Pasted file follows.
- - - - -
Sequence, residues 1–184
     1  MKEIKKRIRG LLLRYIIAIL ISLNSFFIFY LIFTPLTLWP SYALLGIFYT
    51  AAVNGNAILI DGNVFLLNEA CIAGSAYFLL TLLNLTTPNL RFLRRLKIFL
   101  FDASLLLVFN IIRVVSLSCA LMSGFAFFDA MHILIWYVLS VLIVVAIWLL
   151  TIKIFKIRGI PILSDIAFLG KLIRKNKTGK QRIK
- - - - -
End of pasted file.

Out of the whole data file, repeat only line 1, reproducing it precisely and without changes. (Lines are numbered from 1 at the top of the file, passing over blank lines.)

Sequence, residues 1–184